Jason Nolan is director of the EDGE Lab and is a professor of Early Childhood Studies. He is also cross-appointed faculty in the joint-program in Communication and Culture at Ryerson. He has a PhD in Education (Toronto 2001) based on research into collaborative virtual learning environments. Prior to coming to Ryerson, he taught curriculum theory at OISE/UT, environmental science (Division of the Environment) and knowledge media theory (Knowledge Media Design Institute) at the University of Toronto. Nolan co-edited the International Handbook of Virtual Learning Environments (2005), and was co-editor of the journal Learning Inquiry. His research interests focus on science and technology education, privacy and autonomy, informal learning/play, social media and adaptive design, all in the context of young children. Present funded research projects include: Television programming as explicit learning environments; A first look at Outdoor Play in Canadian early childhood education settings; Adaptive Design for Young Children with Disabilities; Voices of Digital Natives: informal learning and sociable media in child and youth cultures. His current research is supported by grants from the School of Early Childhood Education, the Faculty of Community Services, SSHRC, MITACS NCE and GRAND NCE.
Dimitri Androutsos is NSERC Chair in Design Engineering (Associate Chair) and Program Director – Electrical Engineering in the Department of Electrical & Computer Engineering at Ryerson University. Research interests include: image & video processing, multimedia archiving & retrieval, image & video compression, image enhancement & filtering, signal processing, and 3D digital cinema.
Alex Bal is an associate professor in the new media program in the School of Image Arts; and associate director in the EDGE Lab (on sabbatical 2012). After acquiring a PhD in information and Communication Sciences from Paris University, she became an associate researcher at the Maison des Sciences de l’Homme, in Paris. Her current research explores how social and experiential media influence learning. More specifically, she is trying to understand how virtual informal communities, that exist in web 2.0 apps and virtual worlds, generate their own forms of knowledge and culture which are based on informal production of knowledge.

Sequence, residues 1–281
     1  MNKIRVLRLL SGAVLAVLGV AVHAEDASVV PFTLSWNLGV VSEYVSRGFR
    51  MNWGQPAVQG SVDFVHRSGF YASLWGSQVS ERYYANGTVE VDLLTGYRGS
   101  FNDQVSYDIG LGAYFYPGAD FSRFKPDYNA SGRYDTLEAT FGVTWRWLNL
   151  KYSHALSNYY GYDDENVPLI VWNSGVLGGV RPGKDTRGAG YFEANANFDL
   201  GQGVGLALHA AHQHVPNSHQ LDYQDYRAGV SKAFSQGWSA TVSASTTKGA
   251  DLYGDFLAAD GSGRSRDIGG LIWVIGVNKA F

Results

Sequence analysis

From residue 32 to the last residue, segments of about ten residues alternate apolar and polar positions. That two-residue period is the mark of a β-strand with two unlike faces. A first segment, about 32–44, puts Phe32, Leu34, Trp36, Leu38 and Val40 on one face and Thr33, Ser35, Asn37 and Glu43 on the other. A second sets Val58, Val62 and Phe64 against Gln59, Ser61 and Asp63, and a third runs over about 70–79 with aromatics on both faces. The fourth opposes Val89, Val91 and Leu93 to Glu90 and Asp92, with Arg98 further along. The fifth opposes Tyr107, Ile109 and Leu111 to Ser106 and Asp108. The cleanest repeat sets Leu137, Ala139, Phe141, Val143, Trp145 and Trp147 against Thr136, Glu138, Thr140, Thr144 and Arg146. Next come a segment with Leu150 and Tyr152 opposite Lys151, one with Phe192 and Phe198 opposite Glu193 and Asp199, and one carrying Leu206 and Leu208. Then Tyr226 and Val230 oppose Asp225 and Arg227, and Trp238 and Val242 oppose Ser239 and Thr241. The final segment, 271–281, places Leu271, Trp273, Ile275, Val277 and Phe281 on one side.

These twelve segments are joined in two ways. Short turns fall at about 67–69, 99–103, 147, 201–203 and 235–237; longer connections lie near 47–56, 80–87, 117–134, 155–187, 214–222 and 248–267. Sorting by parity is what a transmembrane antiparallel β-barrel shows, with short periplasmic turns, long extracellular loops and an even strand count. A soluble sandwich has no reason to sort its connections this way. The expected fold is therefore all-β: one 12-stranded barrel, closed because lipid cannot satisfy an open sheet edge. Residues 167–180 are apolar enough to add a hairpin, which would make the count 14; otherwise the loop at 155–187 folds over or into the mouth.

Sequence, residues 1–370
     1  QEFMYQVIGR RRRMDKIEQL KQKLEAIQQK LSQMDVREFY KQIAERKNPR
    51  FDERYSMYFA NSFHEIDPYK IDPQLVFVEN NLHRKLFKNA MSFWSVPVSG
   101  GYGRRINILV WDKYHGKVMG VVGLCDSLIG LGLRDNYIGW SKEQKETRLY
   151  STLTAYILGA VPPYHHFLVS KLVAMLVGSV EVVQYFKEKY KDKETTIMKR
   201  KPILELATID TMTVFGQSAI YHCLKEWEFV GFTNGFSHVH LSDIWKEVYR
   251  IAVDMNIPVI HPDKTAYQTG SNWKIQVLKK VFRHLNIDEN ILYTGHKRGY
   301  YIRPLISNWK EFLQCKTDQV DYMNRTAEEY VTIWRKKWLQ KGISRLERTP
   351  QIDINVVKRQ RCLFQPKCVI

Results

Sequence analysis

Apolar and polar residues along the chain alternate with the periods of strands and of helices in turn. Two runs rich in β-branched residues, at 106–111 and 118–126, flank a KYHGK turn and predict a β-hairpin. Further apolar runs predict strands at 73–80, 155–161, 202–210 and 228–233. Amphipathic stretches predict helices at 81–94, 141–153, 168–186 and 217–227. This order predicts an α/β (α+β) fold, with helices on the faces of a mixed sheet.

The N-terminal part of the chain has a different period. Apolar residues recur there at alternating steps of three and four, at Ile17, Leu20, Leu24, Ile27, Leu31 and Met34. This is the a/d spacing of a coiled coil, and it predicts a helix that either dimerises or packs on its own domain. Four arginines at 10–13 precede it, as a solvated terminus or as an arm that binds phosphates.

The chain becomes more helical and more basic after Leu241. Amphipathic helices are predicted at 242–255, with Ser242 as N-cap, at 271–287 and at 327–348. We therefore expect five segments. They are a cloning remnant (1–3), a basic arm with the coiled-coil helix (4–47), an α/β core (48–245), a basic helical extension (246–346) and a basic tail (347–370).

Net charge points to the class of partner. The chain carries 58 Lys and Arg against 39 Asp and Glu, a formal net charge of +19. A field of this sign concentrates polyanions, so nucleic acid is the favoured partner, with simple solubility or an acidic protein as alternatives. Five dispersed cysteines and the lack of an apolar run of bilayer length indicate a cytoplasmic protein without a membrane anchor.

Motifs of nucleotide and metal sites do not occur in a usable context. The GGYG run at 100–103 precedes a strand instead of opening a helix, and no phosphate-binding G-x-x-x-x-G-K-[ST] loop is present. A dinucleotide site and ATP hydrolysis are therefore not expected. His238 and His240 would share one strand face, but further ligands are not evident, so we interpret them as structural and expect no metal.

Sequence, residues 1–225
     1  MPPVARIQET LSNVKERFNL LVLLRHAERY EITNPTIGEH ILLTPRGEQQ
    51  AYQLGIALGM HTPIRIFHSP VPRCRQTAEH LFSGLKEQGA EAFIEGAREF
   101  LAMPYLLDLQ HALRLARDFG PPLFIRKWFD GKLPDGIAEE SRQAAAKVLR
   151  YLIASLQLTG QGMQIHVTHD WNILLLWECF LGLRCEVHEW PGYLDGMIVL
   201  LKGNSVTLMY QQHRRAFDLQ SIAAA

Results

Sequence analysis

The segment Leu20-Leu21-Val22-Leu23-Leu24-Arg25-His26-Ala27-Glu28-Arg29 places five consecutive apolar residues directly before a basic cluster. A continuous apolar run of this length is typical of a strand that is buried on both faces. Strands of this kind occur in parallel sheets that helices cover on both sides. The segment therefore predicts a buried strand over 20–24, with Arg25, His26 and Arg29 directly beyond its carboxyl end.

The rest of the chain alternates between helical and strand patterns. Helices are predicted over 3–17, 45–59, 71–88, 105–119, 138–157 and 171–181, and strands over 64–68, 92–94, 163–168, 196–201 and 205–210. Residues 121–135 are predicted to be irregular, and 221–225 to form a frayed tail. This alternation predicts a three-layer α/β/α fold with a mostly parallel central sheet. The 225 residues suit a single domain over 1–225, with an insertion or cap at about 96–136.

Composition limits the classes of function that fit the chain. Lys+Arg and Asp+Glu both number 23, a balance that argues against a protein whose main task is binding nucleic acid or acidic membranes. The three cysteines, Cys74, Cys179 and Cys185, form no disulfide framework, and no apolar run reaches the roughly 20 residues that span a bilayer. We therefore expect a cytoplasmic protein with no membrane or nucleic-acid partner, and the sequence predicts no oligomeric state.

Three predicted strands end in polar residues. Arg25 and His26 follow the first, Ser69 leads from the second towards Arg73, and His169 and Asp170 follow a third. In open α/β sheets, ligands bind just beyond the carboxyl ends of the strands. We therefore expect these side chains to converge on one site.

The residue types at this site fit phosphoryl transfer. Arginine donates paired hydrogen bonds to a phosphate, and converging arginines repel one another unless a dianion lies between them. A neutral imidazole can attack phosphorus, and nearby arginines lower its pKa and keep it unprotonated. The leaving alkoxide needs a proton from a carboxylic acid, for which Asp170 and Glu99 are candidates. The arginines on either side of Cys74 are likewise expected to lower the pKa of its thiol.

Abby Goodrum is Vice President of Research at Wilfrid Laurier University and also the Director for Social Science and Humanities Research in the nationwide Network of Centres of Excellence in Graphics, Animation, and New Media (NCE GRAND). At Ryerson University she held the Velma Rogers Graham Research Chair in News, Media, and Technology, and where she served as Associate Dean for Scholarly Research and Creative Activities in the Faculty of Communication and Design.
Deb Fels is a professor in the Ted Rogers School of Information Technology Management, and the Director of the Centre for Learning Technologies at Ryerson University. Her research interests include access to multi-media computer applications and interfaces for people with disabilities, inclusive media, web-based applications, entertainment and religious interfaces. Current research projects include: emotive captioning and music visualization including software application, EnACT for adding animation to text; descriptive audio (live and post production) including software tool, LiveDescribe, and associated description wiki for amateur describers; SignLink Studio co-creator for creating online sign language web pages see www.signlinkstudio.ca; and sensory substitution techniques for access to sound and visual information contained in film and television content for people with disabilities – including creation of a vibrotactile system called the Emoti-chair. She received one of Canada’s Top 40 Under 40 awards for the year 2001. She is also a professional engineer.